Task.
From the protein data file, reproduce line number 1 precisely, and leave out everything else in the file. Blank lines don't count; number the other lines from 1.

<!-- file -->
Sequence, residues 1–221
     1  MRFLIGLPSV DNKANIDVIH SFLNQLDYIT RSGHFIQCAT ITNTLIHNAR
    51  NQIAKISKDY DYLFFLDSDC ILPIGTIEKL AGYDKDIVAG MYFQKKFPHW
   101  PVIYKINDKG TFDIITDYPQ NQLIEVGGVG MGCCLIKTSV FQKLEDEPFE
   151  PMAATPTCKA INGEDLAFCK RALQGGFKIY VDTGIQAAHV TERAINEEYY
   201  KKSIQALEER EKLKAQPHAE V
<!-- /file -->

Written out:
Sequence, residues 1–221